Cartwright fonds [multiple media]
Notice descriptive – Brève
Cartwright fonds [multiple media]
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- Genre de documents :
- Art, Documents photographiques, Documents textuels, Cartes et documents cartographiques, Objets (incluant les médailles et épinglettes)
- Trouvé dans :
- Archives / Collections et fonds
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- Contexte de cette notice :
Notice descriptive – Détails
- Fonds comprend :
5 description(s) de niveau inférieurVoir description(s) de niveau inférieur
- Date(s) :
- Lieu de création :
- Sans lieu, inconnu ou indéterminé
- Étendue :
43.2 cm of textual records
2 copper plates
4 birch bark boxes
- Langue du document :
- Portée et contenu :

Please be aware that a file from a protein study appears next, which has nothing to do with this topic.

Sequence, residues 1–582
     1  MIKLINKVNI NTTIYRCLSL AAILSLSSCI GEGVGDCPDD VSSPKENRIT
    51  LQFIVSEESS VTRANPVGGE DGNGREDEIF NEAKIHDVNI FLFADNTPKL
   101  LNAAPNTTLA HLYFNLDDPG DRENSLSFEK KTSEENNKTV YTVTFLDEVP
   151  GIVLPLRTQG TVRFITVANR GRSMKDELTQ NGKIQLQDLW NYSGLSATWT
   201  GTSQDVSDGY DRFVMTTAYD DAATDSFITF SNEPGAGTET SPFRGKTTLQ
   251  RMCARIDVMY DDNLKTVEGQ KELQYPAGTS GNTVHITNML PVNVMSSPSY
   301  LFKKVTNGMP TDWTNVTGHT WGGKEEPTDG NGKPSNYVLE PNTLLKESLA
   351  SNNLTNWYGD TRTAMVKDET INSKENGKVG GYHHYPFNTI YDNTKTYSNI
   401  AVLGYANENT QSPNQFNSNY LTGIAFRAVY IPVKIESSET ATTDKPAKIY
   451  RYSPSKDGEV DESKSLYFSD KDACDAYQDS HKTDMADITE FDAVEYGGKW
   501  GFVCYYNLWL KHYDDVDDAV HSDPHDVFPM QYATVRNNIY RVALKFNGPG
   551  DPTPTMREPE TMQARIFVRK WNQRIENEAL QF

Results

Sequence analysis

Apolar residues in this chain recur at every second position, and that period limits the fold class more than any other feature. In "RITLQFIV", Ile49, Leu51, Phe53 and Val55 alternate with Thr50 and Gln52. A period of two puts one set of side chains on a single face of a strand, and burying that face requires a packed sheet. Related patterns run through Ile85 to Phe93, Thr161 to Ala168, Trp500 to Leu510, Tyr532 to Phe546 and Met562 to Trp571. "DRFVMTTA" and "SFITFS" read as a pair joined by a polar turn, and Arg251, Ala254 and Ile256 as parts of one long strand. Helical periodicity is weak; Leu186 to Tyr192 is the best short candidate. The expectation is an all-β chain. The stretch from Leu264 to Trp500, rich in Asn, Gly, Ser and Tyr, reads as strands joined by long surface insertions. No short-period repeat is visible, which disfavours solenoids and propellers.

Fonds consists of textual records relating to George and John Cartwright including the Addition to the Labrador Companion. 112 pages of notes on game and hunting, dogs, fishing techniques, equipment, survival skills needed in Labrador. Letters, both personal and business related, drawings for buildings and traps, a list of goods required for Labrador, list of traps with locations, list of workmen by occupation, a note on construction techniques, memorandum on how to work and trade with native people, letter stating his opinion (in 1818) about the futility of the British Navy expeditions for finding the North-West Passage; A Journal of Transactions and Events during a Residence of nearly 16 years on the Coast of Labrador (published in 1792) - 3 vol. Cartwright's own copy. Volume 3 has two inserted letters from George Cartwright; Arctic Zoology by Thomas Pennant - 3 vols. Published in 1784-5. With extensive annotations by George Cartwright, contradicting or extending Pennant's observations; The life and correspondence of Major Cartwright - 4 volumes (Vol I part I & II: 1759-1794; Vol 2 part I & II: 1794-1824 plus Appendices) These volumes were put together by Frances D. Cartwright who was Edmund Cartwright's (the third Cartwright brother) daughter but who was brought up by John Cartwright. They contain a compendium of printed texts, drawings, engravings, letters and notes relating to the life of John Cartwright with several references to his stay in Newfoundland (1766-1770). It also contains clippings about the Inuit visit in 1772 and a pamphlet, published in 1772 entitled Rights and Interests of Fishing Companies. The most significant item in these scrapbooks is the watercolour Portrait of Caubvick ca. 1772, likely done by Catherine Cartwright, sister of George and John which is inserted into Volume I of The Life and Correspondence of Major [John] Cartwright. Caubvick was one of five Inuit, taken by George Cartwright to London in 1772. The fonds also includes cartographic material including the Sketch of a bay in Labrador from one drawn by An Eskimeau Indian; as well as graphic material including Portrait of George Cartwright, ca. 1791-92 by William Hilton the Elder; Portrait of John Cartwright, 1789 by John Hoppner; Portrait of George Cartwright, 1792, copper plate engraved by Thomas Medland. The engraving from this plate was used as the frontispiece for A Journal of Transactions; Portrait of John Cartwright, 1789, copper plate engraved by Georg Siegmund Facius after the portrait by Hoppner; Portrait of John Cartwright, 1789, (2 copies) in Vol I part 1 of The Life and Correspondence of Major [John] Cartwright. In addition, the fonds contains four embroidered birchbark boxes embroidered, late -18th century made for the tourist industry by nuns in Quebec by nuns, showing Indigenous people engaged in various activities.